In order to smoke a turkey in spatchcock form, we’ll need to start with some general bird maintenance and clean it out. This will mean first taking that pop-up plastic nonsense and throwing that right in the trash. Your turkey very well could be ~180 degrees F in the breast before that thing pops up, or maybe even grossly under cooked. You would have no idea, that’s why you have a reliable digital thermometer.

Second, remove any of the trussing ties around the legs to begin removing the “stuff” they put inside the bird. There are two ways into this bird, from the top head area, and the bottom butt area. Stuff is packed in both, and since we are going to save the stuff for gravy, here is a pro tip: Roll your gallon bag top back for easy use and to avoid getting the guts in the tracks…

Save the stuff for stock/gravy!!!
all the tools you’ll need

I will keep and use EVERYTHING, except the liver. Bits, pieces of skin, neck, spine, etc can all be used to make a savory gravy or awesome stock. Throw the liver away, it tastes gross.

Typically, on the top end you’ll find a parchment paper bag that contains the gizzard, liver, and heart. On the back end you’ll find the neck and maybe something else. With a good set of poultry shears, you’ll want to trim the areas where you have excess skin (I also use a super sharp boning knife like this one), and cut the wingtips from the wings at the joint. You should now have a bird that is empty on the inside, doesn’t have any dangling pieces of skin, and cut off wingtips.

For the next steps, we will cut out the spine with the poultry shears. This will require us to cut along each side of the spine, through the cartilage and ribs. Start by turning the bird breast side down and identify the spine and your cut lines, as shown below. If you find it difficult to cut through the ribs, try two hands squeezing the shears, and move another quarter inch away from the spine. Also, be careful of the cut ribs, they will be sharp.

Once the spine is removed, flip the bird over. Using a little bit of force, spread the rib cage open such that pressing down on the center of the breasts will cause the ribs to splay outward. Then, with your body weight, press firmly on the center of the breast, like CPR. You should hear an audible crack, and the bird will lay flat. Keep pushing as required, this step tends to intimidate the most.

You will notice that the thigh joints have separated from the main carcass. At this point, there is no reason to move the turkey or flip it again.

Congratulations! You just spatchcocked a turkey! Now, if you are following my gravy recipe, you will use all the bits you just took out and can start making the gravy. The gravy keeps well in the fridge, so you can simply warm it up on turkey day.

Season and Dry Brine (24 hours prior to the cook)

First we are going to rub the seasoning UNDER the skin. This step needs to be done now, because in 24 hrs the skin will be so dry and taught that it will be very difficult to do this without damaging the skin. When you smoke a turkey, you want the skin to be as dry as possible.

Mix 2 tablespoons of Ultimate Poultry Rub and 1 tablespoon of water in a small bowl. Starting from the neck area, use your fingers to very carefully separate the breast skin from the breast meat. It will be slightly difficult at first, but once it starts to separate it gets easier. The goal is to evenly distribute the rub along the top of the breast and under the skin.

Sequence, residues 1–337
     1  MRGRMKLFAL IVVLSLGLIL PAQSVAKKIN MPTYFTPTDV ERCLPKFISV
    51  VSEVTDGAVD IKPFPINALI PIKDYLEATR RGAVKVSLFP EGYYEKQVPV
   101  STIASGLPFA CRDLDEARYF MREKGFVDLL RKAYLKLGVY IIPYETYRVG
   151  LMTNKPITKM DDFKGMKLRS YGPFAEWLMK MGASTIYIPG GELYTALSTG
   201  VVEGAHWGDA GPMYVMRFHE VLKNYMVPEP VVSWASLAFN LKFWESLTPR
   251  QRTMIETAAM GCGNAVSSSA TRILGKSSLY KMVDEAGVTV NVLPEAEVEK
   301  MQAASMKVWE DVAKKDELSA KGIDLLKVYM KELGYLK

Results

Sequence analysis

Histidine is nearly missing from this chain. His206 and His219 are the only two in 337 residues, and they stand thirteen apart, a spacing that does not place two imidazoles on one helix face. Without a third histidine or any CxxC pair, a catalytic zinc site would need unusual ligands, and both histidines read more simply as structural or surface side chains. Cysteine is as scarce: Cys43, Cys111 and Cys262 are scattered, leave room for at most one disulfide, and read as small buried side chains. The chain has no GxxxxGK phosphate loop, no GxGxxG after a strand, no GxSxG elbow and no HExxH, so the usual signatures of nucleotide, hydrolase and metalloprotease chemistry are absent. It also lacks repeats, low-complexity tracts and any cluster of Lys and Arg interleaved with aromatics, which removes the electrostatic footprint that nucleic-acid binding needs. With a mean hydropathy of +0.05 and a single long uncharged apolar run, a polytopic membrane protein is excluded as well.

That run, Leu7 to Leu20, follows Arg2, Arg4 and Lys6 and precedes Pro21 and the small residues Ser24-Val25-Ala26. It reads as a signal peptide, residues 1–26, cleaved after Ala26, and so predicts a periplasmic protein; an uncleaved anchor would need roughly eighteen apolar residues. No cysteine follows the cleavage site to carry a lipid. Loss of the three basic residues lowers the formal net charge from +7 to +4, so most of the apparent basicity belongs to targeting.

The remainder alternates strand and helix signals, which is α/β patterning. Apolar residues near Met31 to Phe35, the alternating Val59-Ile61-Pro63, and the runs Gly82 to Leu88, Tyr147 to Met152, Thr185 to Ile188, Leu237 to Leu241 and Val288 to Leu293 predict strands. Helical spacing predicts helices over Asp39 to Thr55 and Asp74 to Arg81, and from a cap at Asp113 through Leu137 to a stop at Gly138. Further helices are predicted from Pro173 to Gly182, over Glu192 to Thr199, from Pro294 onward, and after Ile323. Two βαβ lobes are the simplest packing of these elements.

You will notice we did not mix olive oil with the rub. Salt does not dissolve in oil, so any salt we brine on the outside will NOT make its way to the breast.

Brine, also known as a high concentration of salt in water, is how we add salt to the meat. This is done in two ways, wet brining and dry brining. You can read more about it here. For our turkey, we are going to dry brine.

Start by drying the turkey with a paper towel. Then we are going to sprinkle 1/2 tsp of Kosher salt per pound all over the top of the bird, with more on the breasts than the thighs/drums. A 14 lb bird will require 7 teaspoons of Kosher Salt.

*** If you have a turkey that is already injected with a saline solution, then we “could” cut our salt in half. Some folks will tell you that you shouldn’t dry brine at all for an already injected or pre-basted turkey or else you’ll taste nothing but salt. That is not true, and I have tried it. The recipe as pictured and eaten was delicious, and you can see it was an injected bird, and I used the full 7 teaspoons. What you shouldn’t do is wet brine an injected bird… that’ll be a salt lick. If you are still queasy about it, at a minimum only use a single tablespoon of Kosher salt. The salt serves to help retain moisture and in this case, dry up the skin.

Place the bird on a large pan to collect any residual dripping and then into the refrigerator, uncovered, for a minimum of 24 hours. In 24 hours, the skin will look tough, stretched, and semi translucent. This means the salt did it’s thing. See images of before and after the 24 hour hold below.

Smoke a Turkey Day is here!

Oh yes! It’s like Christmas… well maybe it is, I don’t know. But I do know it’s going to be a great day, because you have a large beautiful hunk o’ meat you are about to turn into a masterpiece. Here are the next steps:

Create the Rub (2 hours prior to the cook)

The rub is easy. Mix 2 tablespoons of Ultimate Poultry Rub and 1 tablespoon of olive oil. It will help every 20-30 minutes or so to use the back end of a spoon and mush the mixture around a bit. The idea is to release as much of the herbal oils into the olive oil as we can. If the mixture appears too dry, add another 1/2 teaspoon of oil.

We will apply the rub just prior to putting the turkey in the smoker. Apply the rub such that it is evenly coated and rubbed all over. Your primary goal is to ensure the skin is evenly coated with oil, this will help crisp the skin.